The C Book -- nice online learner guide
    Current ISO draft standard
    CCAN -- new CPAN like open source library repository
    3 (different) GNU debugger tutorials: #1 -- #2 -- #3
    cpwiki -- our wiki on sourceforge

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    I think MS wants everyone to move to C# really, but if not that, then they want C++ rather than C, so they are not doing much to update their version of C.

    Other compiler vendors follow C99 more closely.

    Obviously, for VERY portable code, avoid C99.

    If you want REASONABLY portable code, then some of the commonly implemented features that came from C++ is often available in C compilers too (particularly in those that have use the same compiler engine for both). Clearly using C++ style comments is almost always supported. Having variable declarations "not at the beginning of a block" is also quite common.

    It REALLY comes down to "how portable do you want the code to be?". And that in turn means "What compilers are your customers/clients/users likely to use?", and when you know that answer, figure out what the common factors are. If the list is LONG, then you need to think hard about whether you want to ensure that you use C89-compatible code alone, or you limit the choice of compilers. After all, it's a balance - maybe there aren't that many people that will need to compile it on VAX/VMS ANSI C compiler, but a lot of people will have access to MS or gcc compilers.

    --
    Mats
    Compilers can produce warnings - make the compiler programmers happy: Use them!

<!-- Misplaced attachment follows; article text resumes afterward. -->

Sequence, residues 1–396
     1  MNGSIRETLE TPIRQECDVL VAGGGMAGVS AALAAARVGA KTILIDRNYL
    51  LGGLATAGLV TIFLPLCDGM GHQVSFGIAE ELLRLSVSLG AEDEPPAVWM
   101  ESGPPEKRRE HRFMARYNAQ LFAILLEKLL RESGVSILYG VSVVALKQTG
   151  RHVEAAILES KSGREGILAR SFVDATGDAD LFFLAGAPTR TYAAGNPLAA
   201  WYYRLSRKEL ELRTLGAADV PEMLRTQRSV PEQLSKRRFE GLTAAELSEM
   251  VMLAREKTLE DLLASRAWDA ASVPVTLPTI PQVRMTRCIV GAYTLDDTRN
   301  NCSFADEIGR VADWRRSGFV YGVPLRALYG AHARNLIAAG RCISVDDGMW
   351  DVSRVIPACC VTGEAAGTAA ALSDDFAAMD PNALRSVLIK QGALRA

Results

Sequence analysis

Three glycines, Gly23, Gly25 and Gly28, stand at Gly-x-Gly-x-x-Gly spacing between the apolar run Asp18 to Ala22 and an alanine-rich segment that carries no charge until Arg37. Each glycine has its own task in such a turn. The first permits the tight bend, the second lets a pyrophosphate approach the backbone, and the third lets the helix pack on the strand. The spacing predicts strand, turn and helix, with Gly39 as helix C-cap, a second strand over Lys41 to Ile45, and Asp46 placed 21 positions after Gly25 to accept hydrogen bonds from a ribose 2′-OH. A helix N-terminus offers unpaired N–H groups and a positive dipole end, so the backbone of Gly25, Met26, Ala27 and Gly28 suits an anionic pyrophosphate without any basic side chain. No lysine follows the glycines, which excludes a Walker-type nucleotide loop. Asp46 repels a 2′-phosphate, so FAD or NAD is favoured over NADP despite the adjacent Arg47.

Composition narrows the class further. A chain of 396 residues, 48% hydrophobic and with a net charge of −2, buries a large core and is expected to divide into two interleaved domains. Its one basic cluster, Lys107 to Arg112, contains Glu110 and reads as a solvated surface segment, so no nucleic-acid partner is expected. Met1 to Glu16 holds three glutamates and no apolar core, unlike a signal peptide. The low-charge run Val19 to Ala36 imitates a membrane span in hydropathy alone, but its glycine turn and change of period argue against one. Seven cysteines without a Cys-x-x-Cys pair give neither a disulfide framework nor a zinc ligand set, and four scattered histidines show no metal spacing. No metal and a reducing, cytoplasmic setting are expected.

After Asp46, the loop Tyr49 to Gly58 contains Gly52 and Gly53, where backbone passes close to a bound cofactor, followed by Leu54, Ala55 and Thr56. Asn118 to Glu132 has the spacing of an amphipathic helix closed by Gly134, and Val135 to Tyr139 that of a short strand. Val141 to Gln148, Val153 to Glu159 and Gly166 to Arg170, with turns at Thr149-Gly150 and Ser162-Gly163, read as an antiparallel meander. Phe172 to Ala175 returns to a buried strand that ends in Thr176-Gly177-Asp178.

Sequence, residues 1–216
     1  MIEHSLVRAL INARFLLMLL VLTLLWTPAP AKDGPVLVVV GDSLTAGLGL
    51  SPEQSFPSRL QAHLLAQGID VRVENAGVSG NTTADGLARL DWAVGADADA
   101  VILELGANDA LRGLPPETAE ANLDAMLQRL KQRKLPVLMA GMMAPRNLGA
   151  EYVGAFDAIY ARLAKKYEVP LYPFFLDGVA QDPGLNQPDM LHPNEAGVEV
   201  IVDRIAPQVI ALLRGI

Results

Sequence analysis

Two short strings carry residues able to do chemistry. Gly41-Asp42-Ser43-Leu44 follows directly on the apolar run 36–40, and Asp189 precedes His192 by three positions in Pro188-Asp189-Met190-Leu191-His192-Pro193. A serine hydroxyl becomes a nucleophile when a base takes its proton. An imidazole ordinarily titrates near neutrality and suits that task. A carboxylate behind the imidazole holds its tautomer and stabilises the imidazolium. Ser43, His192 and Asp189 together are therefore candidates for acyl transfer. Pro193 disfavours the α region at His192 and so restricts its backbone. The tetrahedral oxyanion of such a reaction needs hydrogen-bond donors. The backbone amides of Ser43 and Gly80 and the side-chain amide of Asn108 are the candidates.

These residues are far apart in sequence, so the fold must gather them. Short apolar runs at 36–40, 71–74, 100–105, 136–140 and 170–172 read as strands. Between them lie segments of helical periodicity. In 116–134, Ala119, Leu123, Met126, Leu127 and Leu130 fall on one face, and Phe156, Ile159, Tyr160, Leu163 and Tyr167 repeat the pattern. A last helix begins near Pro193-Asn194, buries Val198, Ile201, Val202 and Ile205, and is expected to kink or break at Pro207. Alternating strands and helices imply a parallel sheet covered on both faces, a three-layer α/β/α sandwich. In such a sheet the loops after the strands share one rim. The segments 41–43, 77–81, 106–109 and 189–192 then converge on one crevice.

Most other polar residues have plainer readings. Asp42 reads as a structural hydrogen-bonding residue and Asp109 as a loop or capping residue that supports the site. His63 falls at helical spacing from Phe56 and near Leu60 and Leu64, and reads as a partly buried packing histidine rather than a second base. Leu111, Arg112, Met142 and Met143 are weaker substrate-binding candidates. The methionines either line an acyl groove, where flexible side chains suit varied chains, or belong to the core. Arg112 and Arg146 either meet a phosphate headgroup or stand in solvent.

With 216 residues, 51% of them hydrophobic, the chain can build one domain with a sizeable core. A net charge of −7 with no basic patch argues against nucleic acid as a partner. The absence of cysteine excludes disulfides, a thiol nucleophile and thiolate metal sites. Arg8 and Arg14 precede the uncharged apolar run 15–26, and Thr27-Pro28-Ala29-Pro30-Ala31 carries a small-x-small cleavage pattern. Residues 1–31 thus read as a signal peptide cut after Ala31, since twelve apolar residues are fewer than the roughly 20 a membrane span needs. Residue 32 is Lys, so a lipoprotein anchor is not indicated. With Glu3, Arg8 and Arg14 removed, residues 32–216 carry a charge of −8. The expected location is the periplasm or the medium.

Please don't PM me for help - and no, I don't do help over instant messengers.

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    C++まいる!Cをこわせ! Elysia's Avatar
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    Quote Originally Posted by matsp View Post
    I think MS wants everyone to move to C# really, but if not that, then they want C++ rather than C, so they are not doing much to update their version of C.
    I would find that quite likely, but so far they are also throwing out full support to C++ developers, as well. So MS supports C++ and C#, although to a different extent. C# getting more stuff than C++ mostly.
    Regardless, since Microsoft's toolset is for building for modern technologies, there isn't much demand for C I reckon. So I would agree with mats.
    Quote Originally Posted by Adak View Post
    io.h certainly IS included in some modern compilers. It is no longer part of the standard for C, but it is nevertheless, included in the very latest Pelles C versions.
    Quote Originally Posted by Salem View Post
    You mean it's included as a crutch to help ancient programmers limp along without them having to relearn too much.

    Outside of your DOS world, your header file is meaningless.

  8. #8
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    Hello,

    I was just reading this post. And just wondering how do you know if your compiler supports C99? I guess some features might be supported and some might not. But how would you know which ones?

    Currently I am working on a project that has to run on linux and windows. I am using GNC gcc:
    Installed Packages
    Name : gcc
    Arch : i386
    Version: 4.1.1
    Release: 52.el5

    Many thanks,

  9. #9
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    Quote Originally Posted by steve1_rm
    And just wondering how do you know if your compiler supports C99? I guess some features might be supported and some might not. But how would you know which ones?
    Read your compiler's documentation
    Of course, you could also write test programs and see if they compile and work as the 1999 edition of the C standard says they should, but then you would might not know if the feature was officially supported or just a "misbug".

    Quote Originally Posted by steve1_rm
    Currently I am working on a project that has to run on linux and windows. I am using GNC gcc:
    Refer to the GCC online documentation; in particular: Status of C99 features in GCC 4.1.
    C + C++ Compiler: MinGW port of GCC
    Version Control System: Bazaar

    Look up a C++ Reference and learn How To Ask Questions The Smart Way